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The Lebrecht Weekly


Visit every week to read Norman Lebrecht's latest column. [Index]

Fit for the future?

By Norman Lebrecht / January 29, 2004

I have seen the future and it is not yet ready to work. Walking around the hard-hat site that is the London Coliseum, I find it hard to imagine that it will open in three weeks' time, on February 21. The welders are still searing frames, the painters are daubing undercoats and miles of unlayed cables snake across uncovered mosaic flooring, a peril to builders' boots. 'It'll be touch and go,' admits Sean Doran, artistic director of English National Opera.

Reopening has already been put back a fortnight, wiping quarter of a million pounds of planned revenue from an over stressed budget. The first half season is built around a well-trailed Ring and sundry revivals. It will be April before the understated Doran announces a vision for the company's future and September 2005 before any of his proposed changes are seen on stage.

Revising the vision is critical, for ENO's problems are not casual but encrusted. The company has been in a precarious state for 12 years as deficits mounted and public support waned. Six years ago, New Labour proposed merger with Covent Garden. That outrage was resisted but the trauma of a £41m refurbishment brought the enterprise to the brink of closure. Last summer, on a financial cliff-edge, the company faced a brutal Arts Council demand (known as 'Plan B') for its disbandment. Only the fury of a united board, most of whose members had contributed generously to an £18m public appeal, rescued Lilian Baylis's cherished legacy of popular opera in the common tongue.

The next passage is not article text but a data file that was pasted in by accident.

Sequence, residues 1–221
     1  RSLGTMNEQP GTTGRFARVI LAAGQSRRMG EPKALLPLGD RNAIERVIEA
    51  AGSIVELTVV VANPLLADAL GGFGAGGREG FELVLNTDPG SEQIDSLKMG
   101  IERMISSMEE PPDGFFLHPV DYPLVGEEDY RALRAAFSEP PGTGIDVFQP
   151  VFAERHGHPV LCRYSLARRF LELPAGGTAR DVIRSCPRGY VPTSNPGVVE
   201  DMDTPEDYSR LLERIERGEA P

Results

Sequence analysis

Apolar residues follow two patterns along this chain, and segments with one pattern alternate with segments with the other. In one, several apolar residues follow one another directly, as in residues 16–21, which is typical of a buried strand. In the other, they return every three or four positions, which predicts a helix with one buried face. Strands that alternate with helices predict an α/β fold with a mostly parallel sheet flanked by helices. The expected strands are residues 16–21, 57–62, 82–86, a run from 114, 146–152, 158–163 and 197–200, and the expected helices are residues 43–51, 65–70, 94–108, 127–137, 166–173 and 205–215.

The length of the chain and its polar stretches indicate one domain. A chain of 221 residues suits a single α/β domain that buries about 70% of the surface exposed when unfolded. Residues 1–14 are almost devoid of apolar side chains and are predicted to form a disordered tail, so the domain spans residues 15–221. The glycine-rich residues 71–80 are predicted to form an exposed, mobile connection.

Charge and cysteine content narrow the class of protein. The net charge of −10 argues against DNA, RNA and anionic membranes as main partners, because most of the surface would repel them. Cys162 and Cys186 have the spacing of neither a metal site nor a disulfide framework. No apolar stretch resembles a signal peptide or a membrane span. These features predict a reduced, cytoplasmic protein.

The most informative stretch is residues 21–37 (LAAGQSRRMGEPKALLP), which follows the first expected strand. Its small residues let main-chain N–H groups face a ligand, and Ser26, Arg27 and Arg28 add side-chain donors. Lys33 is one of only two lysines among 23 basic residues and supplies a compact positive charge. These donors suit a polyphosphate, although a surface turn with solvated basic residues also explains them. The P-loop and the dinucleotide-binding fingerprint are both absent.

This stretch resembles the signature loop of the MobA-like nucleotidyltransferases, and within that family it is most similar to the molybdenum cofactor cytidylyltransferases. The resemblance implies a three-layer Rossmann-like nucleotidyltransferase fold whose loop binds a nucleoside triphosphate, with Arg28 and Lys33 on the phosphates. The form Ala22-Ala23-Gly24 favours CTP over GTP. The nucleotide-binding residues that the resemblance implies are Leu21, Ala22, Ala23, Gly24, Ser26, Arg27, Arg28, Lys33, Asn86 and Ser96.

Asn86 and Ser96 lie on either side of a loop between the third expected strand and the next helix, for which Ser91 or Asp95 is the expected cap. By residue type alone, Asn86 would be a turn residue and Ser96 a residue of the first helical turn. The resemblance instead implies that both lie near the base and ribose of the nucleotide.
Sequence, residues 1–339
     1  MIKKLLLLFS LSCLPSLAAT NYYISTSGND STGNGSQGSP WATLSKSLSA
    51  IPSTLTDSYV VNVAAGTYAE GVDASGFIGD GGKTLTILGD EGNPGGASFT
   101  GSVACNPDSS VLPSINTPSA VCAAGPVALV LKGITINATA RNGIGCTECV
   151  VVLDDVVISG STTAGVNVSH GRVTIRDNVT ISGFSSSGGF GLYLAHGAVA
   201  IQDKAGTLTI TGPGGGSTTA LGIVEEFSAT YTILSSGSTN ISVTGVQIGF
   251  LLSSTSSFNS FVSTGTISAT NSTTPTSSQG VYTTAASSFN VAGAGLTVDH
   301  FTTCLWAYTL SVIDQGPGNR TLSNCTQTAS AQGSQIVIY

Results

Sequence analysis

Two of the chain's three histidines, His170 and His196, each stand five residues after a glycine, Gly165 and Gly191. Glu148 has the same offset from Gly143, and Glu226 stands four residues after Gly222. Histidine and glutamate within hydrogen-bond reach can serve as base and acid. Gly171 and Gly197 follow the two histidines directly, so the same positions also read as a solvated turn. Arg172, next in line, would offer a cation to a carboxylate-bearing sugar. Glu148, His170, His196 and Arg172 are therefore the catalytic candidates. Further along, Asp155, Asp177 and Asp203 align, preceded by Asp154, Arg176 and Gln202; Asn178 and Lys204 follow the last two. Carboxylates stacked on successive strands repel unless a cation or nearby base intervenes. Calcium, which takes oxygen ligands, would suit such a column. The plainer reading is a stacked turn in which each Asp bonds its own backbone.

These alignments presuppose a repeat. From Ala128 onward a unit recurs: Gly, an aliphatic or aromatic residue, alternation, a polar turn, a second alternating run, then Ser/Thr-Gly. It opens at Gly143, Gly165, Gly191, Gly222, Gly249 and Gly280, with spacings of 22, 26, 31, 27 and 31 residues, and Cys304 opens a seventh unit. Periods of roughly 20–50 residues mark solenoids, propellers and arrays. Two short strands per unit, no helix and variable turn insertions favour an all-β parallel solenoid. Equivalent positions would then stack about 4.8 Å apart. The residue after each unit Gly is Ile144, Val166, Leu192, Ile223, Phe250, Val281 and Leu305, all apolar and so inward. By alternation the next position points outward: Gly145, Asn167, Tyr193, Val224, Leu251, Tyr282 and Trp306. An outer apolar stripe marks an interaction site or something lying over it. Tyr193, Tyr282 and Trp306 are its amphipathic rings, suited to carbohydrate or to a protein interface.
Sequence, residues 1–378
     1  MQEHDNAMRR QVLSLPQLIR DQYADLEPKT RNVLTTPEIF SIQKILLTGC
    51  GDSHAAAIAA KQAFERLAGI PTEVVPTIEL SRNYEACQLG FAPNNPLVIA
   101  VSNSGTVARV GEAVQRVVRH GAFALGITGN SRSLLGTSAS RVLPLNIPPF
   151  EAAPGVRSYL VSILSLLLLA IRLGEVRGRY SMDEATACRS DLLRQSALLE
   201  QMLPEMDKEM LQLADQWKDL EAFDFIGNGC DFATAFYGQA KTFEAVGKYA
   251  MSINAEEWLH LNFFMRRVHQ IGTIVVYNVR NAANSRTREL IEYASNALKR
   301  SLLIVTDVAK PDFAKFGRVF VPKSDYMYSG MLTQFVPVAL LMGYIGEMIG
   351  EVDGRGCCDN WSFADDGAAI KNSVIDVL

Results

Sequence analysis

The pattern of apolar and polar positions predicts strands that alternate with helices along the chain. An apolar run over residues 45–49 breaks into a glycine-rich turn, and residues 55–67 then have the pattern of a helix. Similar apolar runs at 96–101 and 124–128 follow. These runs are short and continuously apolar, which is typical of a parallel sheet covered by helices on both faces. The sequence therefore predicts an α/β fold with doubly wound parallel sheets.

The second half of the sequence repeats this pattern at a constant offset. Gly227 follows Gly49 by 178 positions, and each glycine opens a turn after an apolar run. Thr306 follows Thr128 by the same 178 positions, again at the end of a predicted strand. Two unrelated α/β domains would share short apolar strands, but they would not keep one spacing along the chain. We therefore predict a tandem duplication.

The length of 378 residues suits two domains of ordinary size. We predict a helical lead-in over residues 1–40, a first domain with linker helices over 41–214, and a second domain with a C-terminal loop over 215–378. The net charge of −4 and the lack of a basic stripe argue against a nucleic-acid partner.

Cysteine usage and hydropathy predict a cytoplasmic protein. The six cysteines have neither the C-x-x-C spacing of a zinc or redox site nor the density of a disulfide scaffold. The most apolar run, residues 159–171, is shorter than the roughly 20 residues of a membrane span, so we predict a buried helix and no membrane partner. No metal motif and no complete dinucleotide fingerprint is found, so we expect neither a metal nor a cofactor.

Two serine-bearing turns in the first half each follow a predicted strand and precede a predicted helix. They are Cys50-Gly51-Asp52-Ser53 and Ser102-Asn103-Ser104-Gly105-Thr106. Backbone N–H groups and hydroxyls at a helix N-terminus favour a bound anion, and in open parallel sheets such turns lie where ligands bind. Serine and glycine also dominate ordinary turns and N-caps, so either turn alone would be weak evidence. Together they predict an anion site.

Facing disaster focussed minds on core purpose. What, exactly, is ENO for? In past difficulties it fell back on being a Volksoper - a people's opera that is cheaper and more cheerful than the international celebrity shuttle at Covent Garden. That defence no longer holds. The ROH has priced itself more competitively and the public will not put up with also-sangs. ENO's secondary function, as a nursery for English singers, has been maimed by its adherence to the vernacular. Singers of real promise resent learning their rep in a language that is unwelcome on the world stage; recent comets - Bryn Terfel, Amanda Roocroft, Ian Bostridge - bypassed ENO on their celestial ascent. Opera in English, a shibboleth to aging ENO supporters, is a vacant ideal in an age when seatback surtitles make every dialect comprehensible and the decline of front-of-mouth voice training makes porridge of the colloquial librettos that are sung at the Coli. Doran talks of raising £3m to instal surtitles.

The plan which is forming in his mind blends core values with unexploited potential. Doran, 43, an Irishman who earned his spurs in Australia, sees ENO as a bastion for operas written in English - the modest opus of Britten, Purcell, Handel and Vaughan Williams. He talks of extending the scope of opera - as the National Theatre did with Jerry Springer and the ROH with Sweeney Todd - and treating the restored theatre as an independent asset, separate from the performing company. The Coliseum, he argues, should be 'the home of the voice' - a showcase not just for operatic arias but for stars of world music and some of the more thoughtful denizens of pop. Unlike the ROH which hires out its stage in slack time to all comers, ENO would seek to 'curate' guest acts with programmes that 'stretch' the artists, or so the whimsy goes.